1. Visit sdge.com/rebates for eligible models and participating locations.
  2. Rebate will automatically be deducted during checkout.

Additional savings may be available through tax credits.

Check your eligibility before purchase.

*Based on the average family of four. ENERGY STAR®. March 19, 2020. US Environmental Protection Agency and US Department of Energy. See website for full details.

Offer is available only to SDG&E® residential customers. Coupons may only be redeemed for the product you preselected at the retail or distributor location chosen during coupon sign-up. Offers and deals differ by brand and by-product.

This program is funded by California utility customers and administered by SDG&E under the auspices of the California Public Utilities Commission. Rebates and incentives are provided on a first-come, first-served basis until program funds are no longer available.

California Climate Credit- It’s Back for August and September!

What is the California Climate Credit? This August* your utility bill will include an electric credit identified as the “California Climate Credit.” Your household and millions of others throughout the state will receive this credit on your utility bills.

In the past years, the electric credit was applied in April and October, and the gas credit was applied in April. For 2020 and 2021, the California Public Utilities Commission authorized SDG&E to temporarily shift the electric credit to be applied in August and September.

If you have any of the following utilities: PG&E, SDG&E, SCE Pacific Power, and Liberty Utilities, your August and September bills will have a credit.

Changing the distribution months will not change the total value of the climate credits you receive in a year. The shift will provide bill relief for customers – during the typically hottest months of the year – and reduce bill volatility.

The gas credit will continue to be applied in April. In 2022, the climate credit will be distributed back to its original timing of April and October unless the Commission directs otherwise. The California Climate Credit is part of California’s efforts to fight climate change. This credit is from a state program that requires power plants, natural gas providers, and other large industries that emit greenhouse gases, to buy carbon pollution permits.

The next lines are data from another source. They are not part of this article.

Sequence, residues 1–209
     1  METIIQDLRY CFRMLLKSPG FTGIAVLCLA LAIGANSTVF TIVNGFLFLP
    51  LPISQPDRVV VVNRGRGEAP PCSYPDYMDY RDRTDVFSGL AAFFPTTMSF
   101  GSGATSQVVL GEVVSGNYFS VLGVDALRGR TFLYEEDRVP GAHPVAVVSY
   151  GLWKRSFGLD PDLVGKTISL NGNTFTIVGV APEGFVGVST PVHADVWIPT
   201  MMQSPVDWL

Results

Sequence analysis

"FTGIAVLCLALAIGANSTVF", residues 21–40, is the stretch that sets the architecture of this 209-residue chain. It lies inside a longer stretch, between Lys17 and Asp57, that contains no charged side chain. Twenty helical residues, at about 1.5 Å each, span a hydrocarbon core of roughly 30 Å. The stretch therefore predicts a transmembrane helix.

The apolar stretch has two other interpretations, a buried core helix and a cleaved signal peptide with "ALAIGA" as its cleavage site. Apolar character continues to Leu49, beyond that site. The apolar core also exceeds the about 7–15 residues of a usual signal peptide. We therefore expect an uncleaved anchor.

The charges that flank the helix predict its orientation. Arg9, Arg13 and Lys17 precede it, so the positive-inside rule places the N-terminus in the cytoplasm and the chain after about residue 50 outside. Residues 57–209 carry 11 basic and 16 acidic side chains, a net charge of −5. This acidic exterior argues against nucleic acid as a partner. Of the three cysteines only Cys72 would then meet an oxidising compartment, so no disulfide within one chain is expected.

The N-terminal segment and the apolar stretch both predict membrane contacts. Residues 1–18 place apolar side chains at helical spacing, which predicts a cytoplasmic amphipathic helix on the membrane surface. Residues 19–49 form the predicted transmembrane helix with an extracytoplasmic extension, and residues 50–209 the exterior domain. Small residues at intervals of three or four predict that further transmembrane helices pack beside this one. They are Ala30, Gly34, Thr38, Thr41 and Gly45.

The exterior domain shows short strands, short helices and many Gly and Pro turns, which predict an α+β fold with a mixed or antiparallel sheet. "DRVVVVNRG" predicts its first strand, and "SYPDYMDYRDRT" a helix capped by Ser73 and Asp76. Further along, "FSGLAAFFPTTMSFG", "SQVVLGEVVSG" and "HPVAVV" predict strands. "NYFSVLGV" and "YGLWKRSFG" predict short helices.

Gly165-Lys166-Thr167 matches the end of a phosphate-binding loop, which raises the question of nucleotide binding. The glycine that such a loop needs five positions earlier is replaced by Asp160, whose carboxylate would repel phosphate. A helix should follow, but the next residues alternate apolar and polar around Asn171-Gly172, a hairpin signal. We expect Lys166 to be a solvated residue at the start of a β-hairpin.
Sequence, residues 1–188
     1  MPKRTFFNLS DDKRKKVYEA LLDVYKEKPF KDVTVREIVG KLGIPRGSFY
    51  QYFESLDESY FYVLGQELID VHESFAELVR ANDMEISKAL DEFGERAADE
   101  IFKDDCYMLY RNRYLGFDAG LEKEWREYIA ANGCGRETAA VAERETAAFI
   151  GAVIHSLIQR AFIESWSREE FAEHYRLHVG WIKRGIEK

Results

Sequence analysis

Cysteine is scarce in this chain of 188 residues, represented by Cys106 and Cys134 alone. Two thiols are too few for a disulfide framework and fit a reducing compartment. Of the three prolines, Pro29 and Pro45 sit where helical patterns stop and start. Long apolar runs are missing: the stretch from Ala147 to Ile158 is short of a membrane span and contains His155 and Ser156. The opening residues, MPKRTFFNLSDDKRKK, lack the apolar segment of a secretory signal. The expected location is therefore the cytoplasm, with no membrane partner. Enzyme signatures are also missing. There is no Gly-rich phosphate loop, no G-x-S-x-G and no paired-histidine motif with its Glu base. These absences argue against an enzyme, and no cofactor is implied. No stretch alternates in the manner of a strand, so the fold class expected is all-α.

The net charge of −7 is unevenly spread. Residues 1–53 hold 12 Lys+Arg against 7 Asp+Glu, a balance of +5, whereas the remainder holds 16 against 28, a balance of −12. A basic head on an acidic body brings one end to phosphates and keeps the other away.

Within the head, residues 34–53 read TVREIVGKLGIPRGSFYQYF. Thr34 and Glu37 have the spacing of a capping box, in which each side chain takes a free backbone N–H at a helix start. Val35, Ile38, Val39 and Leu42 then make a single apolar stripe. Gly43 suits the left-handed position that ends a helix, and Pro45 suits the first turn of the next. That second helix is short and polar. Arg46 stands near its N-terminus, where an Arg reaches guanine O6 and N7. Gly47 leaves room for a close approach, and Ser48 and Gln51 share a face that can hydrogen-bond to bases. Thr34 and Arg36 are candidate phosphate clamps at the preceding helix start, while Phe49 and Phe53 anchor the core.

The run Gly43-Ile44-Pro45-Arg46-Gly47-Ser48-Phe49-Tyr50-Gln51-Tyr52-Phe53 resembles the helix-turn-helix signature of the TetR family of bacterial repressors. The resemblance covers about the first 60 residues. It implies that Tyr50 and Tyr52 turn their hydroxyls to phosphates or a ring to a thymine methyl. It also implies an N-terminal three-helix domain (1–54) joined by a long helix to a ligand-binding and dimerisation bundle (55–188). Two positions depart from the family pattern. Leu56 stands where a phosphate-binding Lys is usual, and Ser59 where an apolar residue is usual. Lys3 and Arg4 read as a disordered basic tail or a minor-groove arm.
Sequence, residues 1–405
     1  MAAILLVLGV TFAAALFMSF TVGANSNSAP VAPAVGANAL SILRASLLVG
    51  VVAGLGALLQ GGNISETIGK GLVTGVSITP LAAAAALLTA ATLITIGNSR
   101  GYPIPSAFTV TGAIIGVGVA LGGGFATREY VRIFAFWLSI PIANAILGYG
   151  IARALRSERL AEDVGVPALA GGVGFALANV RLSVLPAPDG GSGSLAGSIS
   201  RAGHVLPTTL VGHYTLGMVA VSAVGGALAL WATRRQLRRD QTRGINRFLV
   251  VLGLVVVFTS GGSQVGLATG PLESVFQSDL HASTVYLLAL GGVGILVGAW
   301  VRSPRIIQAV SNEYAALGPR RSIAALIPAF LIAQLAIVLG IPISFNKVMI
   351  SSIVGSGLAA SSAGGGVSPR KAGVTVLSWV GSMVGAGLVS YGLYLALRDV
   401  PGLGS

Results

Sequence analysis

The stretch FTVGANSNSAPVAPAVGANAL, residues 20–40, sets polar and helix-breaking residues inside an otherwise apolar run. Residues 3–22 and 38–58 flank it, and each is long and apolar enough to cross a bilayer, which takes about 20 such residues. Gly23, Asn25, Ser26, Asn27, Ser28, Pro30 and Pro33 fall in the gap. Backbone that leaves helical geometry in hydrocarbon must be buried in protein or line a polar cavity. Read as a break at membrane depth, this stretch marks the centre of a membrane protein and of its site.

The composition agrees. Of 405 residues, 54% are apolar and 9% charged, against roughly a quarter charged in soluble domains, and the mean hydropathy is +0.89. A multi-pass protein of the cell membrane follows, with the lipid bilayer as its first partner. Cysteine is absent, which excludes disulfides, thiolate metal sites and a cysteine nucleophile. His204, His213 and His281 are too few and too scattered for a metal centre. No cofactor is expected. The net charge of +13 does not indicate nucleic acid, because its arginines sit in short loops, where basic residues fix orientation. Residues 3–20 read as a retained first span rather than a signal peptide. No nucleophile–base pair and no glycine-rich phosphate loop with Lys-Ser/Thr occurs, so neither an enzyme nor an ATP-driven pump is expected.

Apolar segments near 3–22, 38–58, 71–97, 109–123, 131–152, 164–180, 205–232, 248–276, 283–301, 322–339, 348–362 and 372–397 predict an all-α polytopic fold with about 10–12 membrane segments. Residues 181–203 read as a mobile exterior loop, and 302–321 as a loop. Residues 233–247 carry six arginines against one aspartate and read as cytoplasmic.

The credit on your bill is your share of the payments from the State’s program. The Climate Credit is one of many programs resulting from landmark legislation called the Global Warming Solutions Act of 2006.

The California Climate Credit is one way Californians are working towards a zero-carbon state. Find other ideas for energy and money-saving upgrades for your home while reducing your carbon footprint at energyupgradeca.org/the-movement.

And if you are looking for more ways to save energy and money, check out Ohm Connect! We’ve been using Ohm Connect for 5+ years and we’ve saved thousands of dollars on our power bill, and earned thousands of dollars in gift cards and cash via paypal!

I cashed out some of our points for a $25 Amazon Gift card last week, and we almost have enough for another $25 Amazon Gift Card!

So Cal Utility Customers: Expect a credit on your April bill!

The Climate Credit that we’ve all grown accustomed to seeing on our April and October bills has been moved to August and September when most Californians have higher utility bills due to the weather.

However, the PUC (Public Utilities Commission) is giving every California ratepayer a credit of $17.86 on the GAS portion of their utility bill this month.

In August and September, there will be a credit each month of $34.60 on the Electricity portion of each ratepayer utility bill.

Changing the distribution months will not change the total value of the climate credits you receive in a year. The shift will provide bill relief for customers and reduce bill volatility.

Visit my post here to learn about ways to lower your energy usage, and learn more about money-saving programs SDG&E has that your family may qualify for.

And if you want to save energy and earn money, check out my post about Ohm Connect.

A Practical Guide to Setting A Budget (Part Three)

The first two parts (Part One, Part Two) of this series talked about the essentials of how to budget. This third part is for those of you who are having a difficult time making the ends meet to get your needs met.

I’m talking about when cutting cable and going cash only for groceries isn’t enough. When you need help. When there isn’t much (or anything) to eat. When the power might be shut off. When there isn’t money to put gas in your car to get to work or job interviews.

This is the most important thing to remember: It is ok to ask for help. It is ok to seek out services and take advantage of programs. Do not worry about what others will think- This pandemic and all of the fallout that has happened has affected so many of us. So many hardworking families and individuals need a hand up right now. 

A lot of the services and programs listed below are specifically for San Diego County. If you live outside San Diego County, I recommend that you call 211 anywhere in the US. They can help you find resources- all judgment free!

So when I talk about needs being met, I mean:

  • Shelter (Rent/mortgage assistance/utilities)
  • Food (Healthy food for you/your family and pets)
  • Comfort (Clothing, healthcare, medication)

Shelter:

  • If you have a mortgage, contact your lender for a forbearance. You may have to provide them with proof that you are unable to pay.